The Labor Department’s report that 638,000 jobs were added in October, bringing the national unemployment rate down to 6.9 percent, shows that the best thing we can do for the country and for its workers is to just let them get to it.
As the department itself noted, “These improvements in the labor market reflect the continued resumption of economic activity that had been curtailed due to the coronavirus (COVID-19) pandemic and efforts to contain it.”
What we’re seeing in the numbers is that the people and businesses that can adapt to the current circumstances have, but others are getting left behind. The number of people unemployed for five to 14 weeks declined by nearly a half million, while those unemployed for 15 to 26 weeks fell by 2.3 million. However, the long-term unemployed are now 3.6 million, up 1.2 million in a single month. This group is presumably heavily represented by those whose livelihoods are severely impacted by the restrictions imposed as result of the COVID-19 crisis and cannot easily transition to other careers. They now account for a third of the overall unemployed.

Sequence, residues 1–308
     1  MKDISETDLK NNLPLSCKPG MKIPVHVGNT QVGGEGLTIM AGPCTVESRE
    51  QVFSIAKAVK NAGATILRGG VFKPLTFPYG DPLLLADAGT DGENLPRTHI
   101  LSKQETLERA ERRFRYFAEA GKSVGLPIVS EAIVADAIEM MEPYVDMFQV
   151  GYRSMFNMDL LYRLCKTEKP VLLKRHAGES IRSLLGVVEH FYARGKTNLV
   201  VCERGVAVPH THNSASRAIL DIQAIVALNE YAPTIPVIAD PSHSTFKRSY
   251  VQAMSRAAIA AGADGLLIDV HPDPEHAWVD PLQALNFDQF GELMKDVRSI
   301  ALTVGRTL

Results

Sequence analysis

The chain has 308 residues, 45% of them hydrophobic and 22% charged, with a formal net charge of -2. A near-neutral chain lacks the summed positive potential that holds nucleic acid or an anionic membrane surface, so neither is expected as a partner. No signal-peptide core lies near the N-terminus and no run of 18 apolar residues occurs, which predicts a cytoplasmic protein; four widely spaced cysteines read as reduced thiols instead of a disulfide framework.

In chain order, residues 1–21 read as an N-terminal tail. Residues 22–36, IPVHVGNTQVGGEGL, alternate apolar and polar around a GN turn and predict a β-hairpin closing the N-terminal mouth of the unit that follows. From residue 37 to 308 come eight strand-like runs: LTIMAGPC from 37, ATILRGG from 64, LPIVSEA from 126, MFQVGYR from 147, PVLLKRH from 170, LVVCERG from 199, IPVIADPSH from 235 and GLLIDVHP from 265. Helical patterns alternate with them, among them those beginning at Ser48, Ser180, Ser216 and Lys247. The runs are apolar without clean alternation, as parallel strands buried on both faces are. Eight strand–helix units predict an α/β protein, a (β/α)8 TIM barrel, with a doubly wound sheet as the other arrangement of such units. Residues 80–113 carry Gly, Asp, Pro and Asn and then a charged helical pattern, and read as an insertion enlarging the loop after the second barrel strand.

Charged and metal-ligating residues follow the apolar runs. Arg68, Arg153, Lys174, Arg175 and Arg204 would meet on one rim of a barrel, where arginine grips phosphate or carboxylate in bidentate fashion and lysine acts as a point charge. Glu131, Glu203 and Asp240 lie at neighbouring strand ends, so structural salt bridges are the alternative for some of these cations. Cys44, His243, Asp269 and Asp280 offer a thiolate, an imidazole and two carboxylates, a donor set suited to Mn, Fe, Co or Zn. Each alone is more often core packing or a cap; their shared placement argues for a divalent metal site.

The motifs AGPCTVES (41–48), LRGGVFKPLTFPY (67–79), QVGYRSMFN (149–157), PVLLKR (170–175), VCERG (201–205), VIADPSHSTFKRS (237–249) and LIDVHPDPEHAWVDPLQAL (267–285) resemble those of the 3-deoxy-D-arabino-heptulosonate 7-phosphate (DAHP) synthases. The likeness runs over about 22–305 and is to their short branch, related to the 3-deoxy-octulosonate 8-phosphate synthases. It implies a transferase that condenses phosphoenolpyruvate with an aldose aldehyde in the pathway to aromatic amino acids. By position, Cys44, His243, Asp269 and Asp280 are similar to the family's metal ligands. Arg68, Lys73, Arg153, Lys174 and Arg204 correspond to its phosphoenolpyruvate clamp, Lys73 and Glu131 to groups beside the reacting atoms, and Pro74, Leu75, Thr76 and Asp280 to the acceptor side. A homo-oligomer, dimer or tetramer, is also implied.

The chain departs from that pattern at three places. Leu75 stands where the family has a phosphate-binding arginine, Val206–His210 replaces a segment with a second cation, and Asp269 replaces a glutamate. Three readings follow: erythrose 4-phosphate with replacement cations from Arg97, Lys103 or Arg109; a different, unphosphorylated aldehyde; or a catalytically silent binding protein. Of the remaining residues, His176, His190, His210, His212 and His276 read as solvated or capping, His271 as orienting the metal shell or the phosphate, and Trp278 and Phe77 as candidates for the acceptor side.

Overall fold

None of this is to say that public health measures aren’t warranted to combat the virus, but we must be mindful of the costs of doing this and that our ultimate goal must be to get the economy working again. The toll of the restrictions are mounting: The hospitality and entertainment industries have taken major hits. Entrepreneurs have had to put dreams on hold. States are facing cash crunches due to sharp declines in tax revenue. Child education has been severely disrupted. The cure must not be worse than the disease.
The good news is that workers are persevering and businesses are coping. What they need is the certainty to continue in that direction.